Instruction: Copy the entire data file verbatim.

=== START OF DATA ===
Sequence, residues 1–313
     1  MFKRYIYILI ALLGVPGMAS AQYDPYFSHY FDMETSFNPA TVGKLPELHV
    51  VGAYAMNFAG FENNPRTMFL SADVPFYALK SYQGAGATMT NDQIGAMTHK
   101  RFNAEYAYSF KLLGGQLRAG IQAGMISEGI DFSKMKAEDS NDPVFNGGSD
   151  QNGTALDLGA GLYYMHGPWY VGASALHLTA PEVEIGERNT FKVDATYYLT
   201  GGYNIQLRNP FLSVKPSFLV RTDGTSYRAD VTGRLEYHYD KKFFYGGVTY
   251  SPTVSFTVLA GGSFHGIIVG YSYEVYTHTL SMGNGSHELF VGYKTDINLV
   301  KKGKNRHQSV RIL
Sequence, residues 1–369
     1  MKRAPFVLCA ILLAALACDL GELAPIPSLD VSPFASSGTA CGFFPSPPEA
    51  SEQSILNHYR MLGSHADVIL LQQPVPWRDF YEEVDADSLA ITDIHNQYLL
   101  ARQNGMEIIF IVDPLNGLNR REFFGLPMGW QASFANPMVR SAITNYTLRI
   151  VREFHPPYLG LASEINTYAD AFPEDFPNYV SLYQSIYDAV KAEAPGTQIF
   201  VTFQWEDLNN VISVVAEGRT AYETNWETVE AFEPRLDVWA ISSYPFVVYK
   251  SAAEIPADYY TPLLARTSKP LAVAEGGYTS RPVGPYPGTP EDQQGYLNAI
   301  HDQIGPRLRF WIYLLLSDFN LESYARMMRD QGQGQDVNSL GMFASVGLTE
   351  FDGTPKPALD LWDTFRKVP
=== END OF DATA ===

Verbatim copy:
Sequence, residues 1–313
     1  MFKRYIYILI ALLGVPGMAS AQYDPYFSHY FDMETSFNPA TVGKLPELHV
    51  VGAYAMNFAG FENNPRTMFL SADVPFYALK SYQGAGATMT NDQIGAMTHK
   101  RFNAEYAYSF KLLGGQLRAG IQAGMISEGI DFSKMKAEDS NDPVFNGGSD
   151  QNGTALDLGA GLYYMHGPWY VGASALHLTA PEVEIGERNT FKVDATYYLT
   201  GGYNIQLRNP FLSVKPSFLV RTDGTSYRAD VTGRLEYHYD KKFFYGGVTY
   251  SPTVSFTVLA GGSFHGIIVG YSYEVYTHTL SMGNGSHELF VGYKTDINLV
   301  KKGKNRHQSV RIL
Sequence, residues 1–369
     1  MKRAPFVLCA ILLAALACDL GELAPIPSLD VSPFASSGTA CGFFPSPPEA
    51  SEQSILNHYR MLGSHADVIL LQQPVPWRDF YEEVDADSLA ITDIHNQYLL
   101  ARQNGMEIIF IVDPLNGLNR REFFGLPMGW QASFANPMVR SAITNYTLRI
   151  VREFHPPYLG LASEINTYAD AFPEDFPNYV SLYQSIYDAV KAEAPGTQIF
   201  VTFQWEDLNN VISVVAEGRT AYETNWETVE AFEPRLDVWA ISSYPFVVYK
   251  SAAEIPADYY TPLLARTSKP LAVAEGGYTS RPVGPYPGTP EDQQGYLNAI
   301  HDQIGPRLRF WIYLLLSDFN LESYARMMRD QGQGQDVNSL GMFASVGLTE
   351  FDGTPKPALD LWDTFRKVP